The seemingly insatiable demand for large-scale warehouse/industrial buildings has breathed life into another, typically overlooked asset class that is drawing the widespread attention of both end-users and investors alike. Industrial Outdoor Storage (IOS), also known as Outdoor Storage Land (OSL), has emerged as a significant complementary necessity among logistics companies that need space to stage or provide short-term storage for products prior to shipping them to the next destination. The requirement is particularly acute in port city locations, such as Baltimore.
Bethesda, Maryland-based 1788 Holdings, LLC acquired two assets in Baltimore City over the past several of weeks – 6901 Rolling Mill Road and the 350,000 square foot 1601 Wicomico Street – in part due to the existence of available outside storage land, according to company principal Larry J. Goodwin.
“As a port city, Baltimore is a primary destination for roll-on/roll-off cargo, particularly automobiles, trucks and heavy equipment cargo, and there remains continuing demand for storage sites with immediate proximity,” Goodwin explained. “Most of the infill light industrial properties in the immediate trade area do not have excess land for this type of storage, and we are filling this ongoing need. The availability of this acreage represents a significant competitive advantage in the Baltimore City submarket and remains a point of emphasis in our ongoing acquisition strategy.”
Industrial Outdoor Storage has emerged as an valuable piece of the logistics supply chain, with end-users utilizing the space to sort through containers that have recently arrived on overseas vessels. Trucks, automobiles and construction vehicles are regularly placed on the lots in a “layover” situation, while awaiting their next transport to a final destination. The emerging asset class has been called “mission-critical” by some real estate experts and typically range in size from five to 20 acres.
“I often refer the Interstate 95 corridor as the East Coast main street for large-scale warehouse buildings. These facilities need backup land for trucks, materials and products of all sorts and other uses,” stated Mitch Gold, President and CEO of Gold and Company. “Operating an efficient logistics operation means everything in our current environment of next-day commerce, thanks to what many refer to as the Amazon effect. Just-in-time inventory has now become just-in-case inventory, which means warehouses are now overstocked with products they believe consumers will continue to purchase. All of this maneuvering requires trucks and trailers to move products around and sometimes there just isn’t enough space inside the warehouse.”
Gold points to the Fairfield Maritime District in Baltimore City which he terms “a gigantic parking lot full of cars and other vehicles in international transit that recently arrived from international ports of call.”
He adds that “the old trite saying that they’re not making any more land is true, and it remains a premium especially in the Baltimore region because land prices are less expensive than in New Jersey and New York. Plus, no one wants industrial projects around them due to environmental regulations and other complications. The Port of Baltimore is considered the #1 RoRo (roll on/roll off) destination in the country due to its closer proximity than other east coast ports to the mid-west, highway connections and heavy rail component.”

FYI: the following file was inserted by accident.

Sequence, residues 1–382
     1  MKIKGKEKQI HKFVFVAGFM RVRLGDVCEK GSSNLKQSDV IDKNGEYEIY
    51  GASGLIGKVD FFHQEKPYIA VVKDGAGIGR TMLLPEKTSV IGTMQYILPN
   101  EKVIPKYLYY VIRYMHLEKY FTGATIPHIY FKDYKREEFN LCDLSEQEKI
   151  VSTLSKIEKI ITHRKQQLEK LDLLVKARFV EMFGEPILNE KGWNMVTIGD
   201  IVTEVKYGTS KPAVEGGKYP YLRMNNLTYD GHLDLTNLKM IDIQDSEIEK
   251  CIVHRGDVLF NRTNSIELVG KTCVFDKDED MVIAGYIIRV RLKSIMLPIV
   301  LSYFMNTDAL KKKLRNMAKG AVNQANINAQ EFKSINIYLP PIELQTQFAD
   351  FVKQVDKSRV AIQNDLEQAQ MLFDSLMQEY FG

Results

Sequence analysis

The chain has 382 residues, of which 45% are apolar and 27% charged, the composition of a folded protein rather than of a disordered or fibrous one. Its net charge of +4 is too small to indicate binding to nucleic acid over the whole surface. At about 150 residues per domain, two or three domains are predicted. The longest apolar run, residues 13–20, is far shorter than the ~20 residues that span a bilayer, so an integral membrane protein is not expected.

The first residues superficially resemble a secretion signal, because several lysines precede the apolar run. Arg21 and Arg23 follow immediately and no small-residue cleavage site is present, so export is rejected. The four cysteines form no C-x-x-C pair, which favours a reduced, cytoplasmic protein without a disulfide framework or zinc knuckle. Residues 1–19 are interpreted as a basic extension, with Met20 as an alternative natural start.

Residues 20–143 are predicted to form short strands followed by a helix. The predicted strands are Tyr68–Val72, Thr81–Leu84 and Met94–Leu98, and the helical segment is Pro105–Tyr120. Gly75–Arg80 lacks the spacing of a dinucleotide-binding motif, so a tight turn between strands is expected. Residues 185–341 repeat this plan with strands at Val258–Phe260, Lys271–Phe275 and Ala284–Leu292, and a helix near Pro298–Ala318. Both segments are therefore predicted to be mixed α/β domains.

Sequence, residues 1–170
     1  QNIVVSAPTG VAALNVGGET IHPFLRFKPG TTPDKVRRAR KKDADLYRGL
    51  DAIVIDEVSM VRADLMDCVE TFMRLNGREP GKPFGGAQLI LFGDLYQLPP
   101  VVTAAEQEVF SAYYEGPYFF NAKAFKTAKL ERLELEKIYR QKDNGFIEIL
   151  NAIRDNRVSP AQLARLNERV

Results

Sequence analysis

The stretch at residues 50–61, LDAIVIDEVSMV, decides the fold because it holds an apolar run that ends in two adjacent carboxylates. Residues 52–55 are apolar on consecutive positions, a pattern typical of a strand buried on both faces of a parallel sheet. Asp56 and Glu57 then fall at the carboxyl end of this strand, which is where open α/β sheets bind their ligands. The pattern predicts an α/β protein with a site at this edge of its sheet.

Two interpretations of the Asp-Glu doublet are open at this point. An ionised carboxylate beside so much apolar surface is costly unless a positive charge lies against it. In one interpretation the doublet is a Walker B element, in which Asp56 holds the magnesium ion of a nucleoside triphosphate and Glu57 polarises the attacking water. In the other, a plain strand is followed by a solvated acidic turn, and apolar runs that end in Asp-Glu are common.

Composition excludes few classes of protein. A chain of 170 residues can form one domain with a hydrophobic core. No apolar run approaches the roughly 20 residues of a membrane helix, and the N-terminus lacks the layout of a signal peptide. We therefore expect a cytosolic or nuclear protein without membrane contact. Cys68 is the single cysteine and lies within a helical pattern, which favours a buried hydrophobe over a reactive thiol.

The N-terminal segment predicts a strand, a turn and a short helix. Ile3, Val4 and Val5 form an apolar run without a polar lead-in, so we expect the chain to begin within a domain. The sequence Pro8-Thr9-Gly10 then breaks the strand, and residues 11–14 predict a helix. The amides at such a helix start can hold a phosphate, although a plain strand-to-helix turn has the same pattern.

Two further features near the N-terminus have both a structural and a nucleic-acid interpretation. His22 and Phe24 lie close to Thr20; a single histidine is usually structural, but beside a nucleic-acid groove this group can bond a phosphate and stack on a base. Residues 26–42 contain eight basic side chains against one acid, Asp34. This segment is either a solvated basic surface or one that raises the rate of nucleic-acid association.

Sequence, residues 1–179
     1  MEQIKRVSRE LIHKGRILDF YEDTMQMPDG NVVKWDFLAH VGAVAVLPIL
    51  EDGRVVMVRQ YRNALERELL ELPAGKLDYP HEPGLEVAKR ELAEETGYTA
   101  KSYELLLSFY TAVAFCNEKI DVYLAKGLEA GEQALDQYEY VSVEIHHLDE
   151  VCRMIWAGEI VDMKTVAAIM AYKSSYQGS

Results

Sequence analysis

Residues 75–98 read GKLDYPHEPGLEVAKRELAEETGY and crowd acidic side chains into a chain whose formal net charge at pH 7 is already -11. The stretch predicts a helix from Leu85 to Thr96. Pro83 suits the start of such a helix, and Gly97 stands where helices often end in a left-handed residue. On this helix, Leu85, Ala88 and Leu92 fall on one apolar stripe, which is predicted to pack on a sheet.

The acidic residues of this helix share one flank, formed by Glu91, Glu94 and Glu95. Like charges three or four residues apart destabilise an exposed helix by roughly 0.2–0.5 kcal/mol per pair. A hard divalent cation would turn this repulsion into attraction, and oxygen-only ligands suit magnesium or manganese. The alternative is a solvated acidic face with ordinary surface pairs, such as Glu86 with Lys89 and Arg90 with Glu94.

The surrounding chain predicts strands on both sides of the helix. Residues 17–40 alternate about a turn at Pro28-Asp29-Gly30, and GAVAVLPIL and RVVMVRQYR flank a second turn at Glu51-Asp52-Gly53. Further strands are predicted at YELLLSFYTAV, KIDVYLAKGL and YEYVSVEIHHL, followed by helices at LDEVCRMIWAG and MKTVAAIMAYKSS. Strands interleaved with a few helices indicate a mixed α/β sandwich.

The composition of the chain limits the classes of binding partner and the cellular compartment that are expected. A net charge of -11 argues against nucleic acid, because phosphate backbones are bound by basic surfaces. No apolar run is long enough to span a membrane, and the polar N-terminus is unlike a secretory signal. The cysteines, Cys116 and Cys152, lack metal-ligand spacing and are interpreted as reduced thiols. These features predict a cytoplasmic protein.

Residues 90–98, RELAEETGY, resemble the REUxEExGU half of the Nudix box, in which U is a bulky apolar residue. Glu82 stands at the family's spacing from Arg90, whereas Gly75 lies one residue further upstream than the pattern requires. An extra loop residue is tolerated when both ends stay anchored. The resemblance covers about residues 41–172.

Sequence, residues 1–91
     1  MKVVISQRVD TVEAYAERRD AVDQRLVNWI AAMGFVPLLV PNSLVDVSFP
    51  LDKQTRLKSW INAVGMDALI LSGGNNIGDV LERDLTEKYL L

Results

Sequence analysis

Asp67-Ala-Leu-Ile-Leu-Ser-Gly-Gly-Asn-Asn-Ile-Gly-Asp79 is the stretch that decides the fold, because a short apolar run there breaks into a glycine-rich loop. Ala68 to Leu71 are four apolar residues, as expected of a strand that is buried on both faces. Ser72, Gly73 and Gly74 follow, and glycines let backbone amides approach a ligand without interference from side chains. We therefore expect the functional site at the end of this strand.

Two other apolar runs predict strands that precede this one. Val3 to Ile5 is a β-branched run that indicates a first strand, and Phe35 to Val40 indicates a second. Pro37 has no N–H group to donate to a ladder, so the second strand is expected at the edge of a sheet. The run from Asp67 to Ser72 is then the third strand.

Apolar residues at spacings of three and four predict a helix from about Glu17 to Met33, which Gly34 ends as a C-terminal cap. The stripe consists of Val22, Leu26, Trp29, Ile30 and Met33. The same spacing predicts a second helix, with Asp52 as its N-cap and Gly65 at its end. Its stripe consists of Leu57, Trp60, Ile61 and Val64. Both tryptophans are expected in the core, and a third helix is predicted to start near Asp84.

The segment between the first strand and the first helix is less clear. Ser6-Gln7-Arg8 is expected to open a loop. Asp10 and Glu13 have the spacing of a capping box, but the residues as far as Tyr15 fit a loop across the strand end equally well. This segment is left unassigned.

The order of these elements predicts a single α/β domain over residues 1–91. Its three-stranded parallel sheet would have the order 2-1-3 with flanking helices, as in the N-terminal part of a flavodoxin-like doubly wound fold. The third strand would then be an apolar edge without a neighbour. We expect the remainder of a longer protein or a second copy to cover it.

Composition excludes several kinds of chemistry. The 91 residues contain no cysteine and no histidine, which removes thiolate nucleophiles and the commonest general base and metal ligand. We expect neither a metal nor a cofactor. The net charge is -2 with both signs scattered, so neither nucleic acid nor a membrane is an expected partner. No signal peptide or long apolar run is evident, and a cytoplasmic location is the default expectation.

“Two to three years ago, interest and overall demand was increasing for this asset class but now, it has become so popular that the category even has its own name,” stated Dan Hudak, SIOR, Senior Vice President and Principal, MacKenzie Commercial Real Estate Services. “That’s when I realized the Industrial Outdoor Storage was evolving into something significant.
“Mirroring the dramatic growth of the warehouse and industrial sector, the shutdown due to COVID-19 lit a fire beneath the e-commerce industry and placed extreme pressure not only on existing inventory and the development pipeline, but also the need for land to park trucks and vehicles to transport product to consumers. Because of the high barrier of entry into this market, in part due to the dearth of industrial zoned land, suddenly, many different users were chasing relatively few outdoor storage spaces, with long-term users in the construction contracting and utility industries getting squeezed. Available land is always at a premium, but there was a new level of interest among developers to acquire land to build new product, and among end-users to store or stage materials and equipment.”
The trend is happening in Baltimore, in other port cities and nationally.
“The general consensus is that it will only become harder to find suitable outdoor storage sites,” Hudak said. “This, in turn, has dramatically increased pricing and has attracted the attention of real estate investors and private equity firms.”
Furthermore, current events could drive the demand even higher.
“The commercial real estate world is closely watching the movement of the national infrastructure legislation and its impact on the construction and development industries in particular,” Hudak added. “Its passage will especially kick infrastructure contractors into high gear, which will only heighten the interest and need for outdoor storage spaces.”